The Court decided to deal with the applicants’ complaints under Article 8 alone.
It observed that the key court of appeal decision in Lithuania, upholding Mr Rinau’s right to the
return of his daughter after German courts had already ruled in his favour, had been delivered in
March 2007, five months after he had made his request.
While that length of time had exceeded the six-week limit set under the Hague Convention, the
Court accepted that the courts had faced difficult, competing demands: they had had to act quickly
as the child was being held unlawfully by the mother in Lithuania and they had also had to examine
her allegations of harm to the child if returned to Mr Rinau.
The Court found that up to June 2007 the courts’ decision-making, although lengthy compared with
the provisions of the Hague Convention, had met the requirements of Article 8.
The Court then examined subsequent developments, including the applicants’ allegations that
politicians, both in the legislature and executive, had tried to influence the decision-making process.
It observed that there had been an upsurge of public, political and institutional pressure after the
bailiff had begun to enforce the return order. That had involved a public petition, verbal assaults on
Mr Rinau as a “German pig” or “Nazi” and threats to him, his lawyer and the bailiff.
The Court was disquieted by what it saw as concerted official efforts to keep the child in Lithuania,
with members of Parliament openly questioning the lawfulness of court judgments and the Minister
of Justice keeping the mother’s hopes of reopening the case alive. There had in addition been
pressure on the bailiff, an independent official, over the enforcement, and on the child-care services
to change their opinion that it was in the child’s best interests to return to Germany.
Furthermore, Lithuanian law had been changed in order to allow the couple’s daughter to obtain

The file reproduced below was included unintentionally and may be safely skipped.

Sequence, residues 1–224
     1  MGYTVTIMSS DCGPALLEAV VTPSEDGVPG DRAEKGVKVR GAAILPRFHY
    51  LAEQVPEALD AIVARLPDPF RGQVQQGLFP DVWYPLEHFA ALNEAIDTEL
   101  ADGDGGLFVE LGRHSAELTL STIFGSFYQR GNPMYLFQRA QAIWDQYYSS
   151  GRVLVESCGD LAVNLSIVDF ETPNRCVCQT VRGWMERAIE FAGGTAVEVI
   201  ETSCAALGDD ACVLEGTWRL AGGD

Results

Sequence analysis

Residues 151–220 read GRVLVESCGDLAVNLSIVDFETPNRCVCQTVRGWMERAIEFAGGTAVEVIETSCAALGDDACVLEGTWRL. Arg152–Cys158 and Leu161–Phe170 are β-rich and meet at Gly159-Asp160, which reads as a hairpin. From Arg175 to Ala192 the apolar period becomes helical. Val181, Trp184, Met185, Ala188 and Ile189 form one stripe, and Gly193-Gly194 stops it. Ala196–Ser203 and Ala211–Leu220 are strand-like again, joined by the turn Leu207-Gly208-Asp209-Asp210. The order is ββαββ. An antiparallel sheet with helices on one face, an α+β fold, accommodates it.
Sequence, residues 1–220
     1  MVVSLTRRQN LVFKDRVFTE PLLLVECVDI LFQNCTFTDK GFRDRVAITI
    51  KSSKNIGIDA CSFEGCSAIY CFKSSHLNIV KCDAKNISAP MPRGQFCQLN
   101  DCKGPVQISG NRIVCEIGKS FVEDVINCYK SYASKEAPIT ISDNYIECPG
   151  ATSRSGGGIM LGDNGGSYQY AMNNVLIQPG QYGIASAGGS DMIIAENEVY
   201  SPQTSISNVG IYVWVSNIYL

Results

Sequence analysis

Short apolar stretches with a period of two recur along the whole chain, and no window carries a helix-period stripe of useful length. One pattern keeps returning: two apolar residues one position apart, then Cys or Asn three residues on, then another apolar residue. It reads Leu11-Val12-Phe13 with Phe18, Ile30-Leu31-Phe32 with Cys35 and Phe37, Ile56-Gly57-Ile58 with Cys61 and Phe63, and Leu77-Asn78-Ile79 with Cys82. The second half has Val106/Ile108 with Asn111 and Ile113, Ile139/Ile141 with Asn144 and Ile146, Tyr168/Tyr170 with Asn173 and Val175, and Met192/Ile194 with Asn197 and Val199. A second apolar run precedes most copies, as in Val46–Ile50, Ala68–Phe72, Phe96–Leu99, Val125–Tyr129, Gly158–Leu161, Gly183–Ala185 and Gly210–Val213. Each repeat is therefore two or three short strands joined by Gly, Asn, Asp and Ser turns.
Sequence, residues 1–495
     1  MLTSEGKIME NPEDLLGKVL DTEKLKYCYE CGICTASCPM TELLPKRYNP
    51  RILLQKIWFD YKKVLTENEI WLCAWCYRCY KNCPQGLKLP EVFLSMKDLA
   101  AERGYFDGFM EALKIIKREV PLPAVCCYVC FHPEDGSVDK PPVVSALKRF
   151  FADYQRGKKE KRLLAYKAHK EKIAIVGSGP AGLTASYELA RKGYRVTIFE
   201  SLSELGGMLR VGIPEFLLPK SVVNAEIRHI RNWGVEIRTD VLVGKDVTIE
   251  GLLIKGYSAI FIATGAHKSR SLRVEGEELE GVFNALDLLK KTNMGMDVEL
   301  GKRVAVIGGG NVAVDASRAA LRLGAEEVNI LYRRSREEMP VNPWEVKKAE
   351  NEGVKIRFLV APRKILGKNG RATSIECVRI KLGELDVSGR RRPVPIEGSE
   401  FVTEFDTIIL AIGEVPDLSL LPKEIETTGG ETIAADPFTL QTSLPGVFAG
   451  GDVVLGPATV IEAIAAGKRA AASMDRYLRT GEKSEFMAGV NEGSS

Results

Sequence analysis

citizenship despite Mr Rinau’s argument that under the German court orders he alone had the
authority to take decisions on his daughter’s nationality. The Lithuanian Government had also made
a financial contribution to assist the mother in the ECJ case.
The Court concluded that it was beyond doubt that the Lithuanian authorities had not ensured a fair
decision-making process in the enforcement of the judgment for the child’s return.
The Court also took note of the personal intervention of the President of the Supreme Court in the
case and then the subsequent Supreme Court proceedings, which had in turn been suspended
pending a preliminary ruling by the ECJ. That was despite the fact that it was not possible under
Lithuanian law to reopen proceedings for the return of a child under the Hague Convention.
Those and other “procedural vagaries” had completely disregarded the fundamental aims of the
Hague Convention, the EU Regulation and Article 8 of the Convention. While Mr Rinau had taken his
daughter back to Germany in “extemporaneous” fashion, he had already been faced with a long wait
and had feared more delays owing to the mother’s opposition.
The Court concluded that the time taken by the Lithuanian authorities to reach a final decision in the
applicants’ case had failed to respond to the urgency of the situation.
Overall, such conduct by the Lithuanian authorities had fallen short of what was required of the
State under Article 8 and there had been a violation of that provision in respect of both applicants.
Just satisfaction (Article 41)
The Court held that Lithuania was to pay the applicants 30,000 euros (EUR) jointly in respect of
non-pecuniary damage and EUR 93,230 in respect of costs and expenses.